Ear infections also called ‘otitis’ are a common and chronic problem we see in our K9 and feline friends. It can be a painful and distressing ordeal for both pets and their humans.

An ear infection generally begins with an irritant, these cause the delicate lining of the ear canal to become inflamed leading to excess wax production which in turn allows bacteria and yeast to multiply. Unfortunately it doesn’t take a great deal for the natural cleaning process of the ear canal to become disrupted. Infections typically start in the outer ear canal (otitis externa) and can progress to the middle (otitis media) then inner ear canal (otitis interna).

To properly diagnose and treat the cause of an ear infection veterinary intervention is needed.

What causes ear issues in our dogs and cats?

*Structure of the ear canal and breed disposition- some breeds have narrow (stenotic) ear canals, large floppy ears, or hairy ear canals leading to poor ventilation.
*Allergies- environmental factors such as grasses, pollens or food allergies can cause the ear canal to become irritated- this is the leading cause of otitis.
*Bathing or swimming – Can cause water to enter the ear creating a moist environment perfect for bacteria and yeast growth.
*Foreign body- an object lodged in the ear canal such as a grass seed or dirt.
*Humidity- a warm moist environment is perfect for an infection to flourish, in particular in an ear with poor ventilation.
*Ear mites- can certainly cause an ear infection.
*Growth in the ear canal.
*Underlying medical issues, although less likely.
*Bacteria and yeast- this is usually secondary to the main causes of ear irritation mentioned above.

Signs of ear infection:

*Shaking of the head
*Scratching at the ear or rubbing ear against the floor/wall
*Smelly odour and discharge
*Redness and swelling
*Broken skin in and around the ear
*Painful ear
*Head tilt
*Aural haematoma – a swollen blood filled lump on the ear flap, this can be secondary to an ear infection caused by shaking of the head.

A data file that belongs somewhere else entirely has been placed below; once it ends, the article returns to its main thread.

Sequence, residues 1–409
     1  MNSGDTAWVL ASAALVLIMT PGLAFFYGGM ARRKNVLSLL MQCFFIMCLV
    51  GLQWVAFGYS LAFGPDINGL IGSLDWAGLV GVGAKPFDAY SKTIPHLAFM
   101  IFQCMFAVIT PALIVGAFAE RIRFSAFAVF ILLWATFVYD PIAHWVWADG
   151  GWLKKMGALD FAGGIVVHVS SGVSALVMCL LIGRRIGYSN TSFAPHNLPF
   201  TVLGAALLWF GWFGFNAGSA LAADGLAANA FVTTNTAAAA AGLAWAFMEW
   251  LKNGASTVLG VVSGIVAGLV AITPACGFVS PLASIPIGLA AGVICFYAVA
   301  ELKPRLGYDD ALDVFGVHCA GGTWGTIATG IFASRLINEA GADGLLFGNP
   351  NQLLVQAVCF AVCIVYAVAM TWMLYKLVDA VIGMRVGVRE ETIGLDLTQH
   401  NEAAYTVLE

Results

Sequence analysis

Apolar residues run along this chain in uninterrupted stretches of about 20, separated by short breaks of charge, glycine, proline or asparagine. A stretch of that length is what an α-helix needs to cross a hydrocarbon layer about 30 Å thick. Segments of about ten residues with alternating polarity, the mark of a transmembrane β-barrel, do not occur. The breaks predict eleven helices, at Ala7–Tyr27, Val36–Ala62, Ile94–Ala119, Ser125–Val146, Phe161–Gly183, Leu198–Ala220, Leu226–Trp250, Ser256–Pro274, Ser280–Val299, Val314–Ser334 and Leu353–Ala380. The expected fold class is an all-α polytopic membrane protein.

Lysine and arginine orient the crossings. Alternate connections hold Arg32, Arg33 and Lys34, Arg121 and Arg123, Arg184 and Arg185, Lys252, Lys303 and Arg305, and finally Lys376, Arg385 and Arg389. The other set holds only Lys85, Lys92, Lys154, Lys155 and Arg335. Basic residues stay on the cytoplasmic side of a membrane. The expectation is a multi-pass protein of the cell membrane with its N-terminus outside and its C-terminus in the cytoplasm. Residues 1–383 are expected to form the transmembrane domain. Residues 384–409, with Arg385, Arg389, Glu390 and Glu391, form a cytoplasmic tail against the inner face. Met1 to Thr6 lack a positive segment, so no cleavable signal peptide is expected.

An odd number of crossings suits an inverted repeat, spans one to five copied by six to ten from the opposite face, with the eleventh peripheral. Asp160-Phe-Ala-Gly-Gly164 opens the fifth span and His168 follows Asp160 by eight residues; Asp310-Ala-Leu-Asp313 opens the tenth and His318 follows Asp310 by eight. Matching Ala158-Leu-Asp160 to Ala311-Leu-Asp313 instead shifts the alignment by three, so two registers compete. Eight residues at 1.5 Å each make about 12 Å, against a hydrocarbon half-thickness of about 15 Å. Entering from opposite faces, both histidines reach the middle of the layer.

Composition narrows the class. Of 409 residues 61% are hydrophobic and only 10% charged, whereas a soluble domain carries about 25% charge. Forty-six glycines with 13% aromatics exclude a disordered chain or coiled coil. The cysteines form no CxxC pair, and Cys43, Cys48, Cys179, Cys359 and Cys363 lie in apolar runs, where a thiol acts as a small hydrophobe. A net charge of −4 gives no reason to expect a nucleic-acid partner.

Diagnoses and treatment:

Your vet will examine your pets ear canals with an Otoscope (special light designed to look down ears) and take a sample of the debris in the ear. They will apply a special stain to the sample and look under the microscope to see if the infection is caused by bacteria or yeast. Sometimes this may need to be done under sedation due to pain. They will check if any foreign body, growths or ear mites are present. A sample may also need to be sent away to a laboratory for further testing.

The outcome of the exam will determine the treatment plan, typically it involves cleaning the ears to dislodge and remove any debris then application of an ear medication specific to the type of ear infection present.

Further treatment may involve oral medication, anti inflammatories and anti histamine. This will need to continue for a number of days along with a follow up exam by the vet. If underlying disease is suspected a blood test may be recommended. Allergy testing and food trials may be also recommended in pets that have chronic ear and skin issues.

If left untreated infection can lead to rupture of the ear drum, chronic or recurrent infection can lead to thickening of the tissues of the ear canal, and narrowing of the canal which can make them more difficult to clean and treat and disrupts the natural function of the ear- surgery may be necessary for chronic sufferers.

For further information please contact us on 4362 1644.